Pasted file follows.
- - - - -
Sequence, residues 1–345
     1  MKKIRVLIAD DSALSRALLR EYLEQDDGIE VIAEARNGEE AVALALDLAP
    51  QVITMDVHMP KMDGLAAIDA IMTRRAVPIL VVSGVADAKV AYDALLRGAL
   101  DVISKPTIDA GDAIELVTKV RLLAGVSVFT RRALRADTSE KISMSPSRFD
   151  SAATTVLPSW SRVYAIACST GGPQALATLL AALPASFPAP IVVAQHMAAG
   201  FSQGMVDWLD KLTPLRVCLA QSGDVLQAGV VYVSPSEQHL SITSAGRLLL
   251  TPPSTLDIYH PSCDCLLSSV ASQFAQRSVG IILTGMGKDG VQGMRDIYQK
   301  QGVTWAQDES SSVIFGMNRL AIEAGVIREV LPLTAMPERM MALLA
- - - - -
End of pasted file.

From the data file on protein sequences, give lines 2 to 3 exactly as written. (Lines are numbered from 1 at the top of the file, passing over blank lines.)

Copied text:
     1  MKKIRVLIAD DSALSRALLR EYLEQDDGIE VIAEARNGEE AVALALDLAP
    51  QVITMDVHMP KMDGLAAIDA IMTRRAVPIL VVSGVADAKV AYDALLRGAL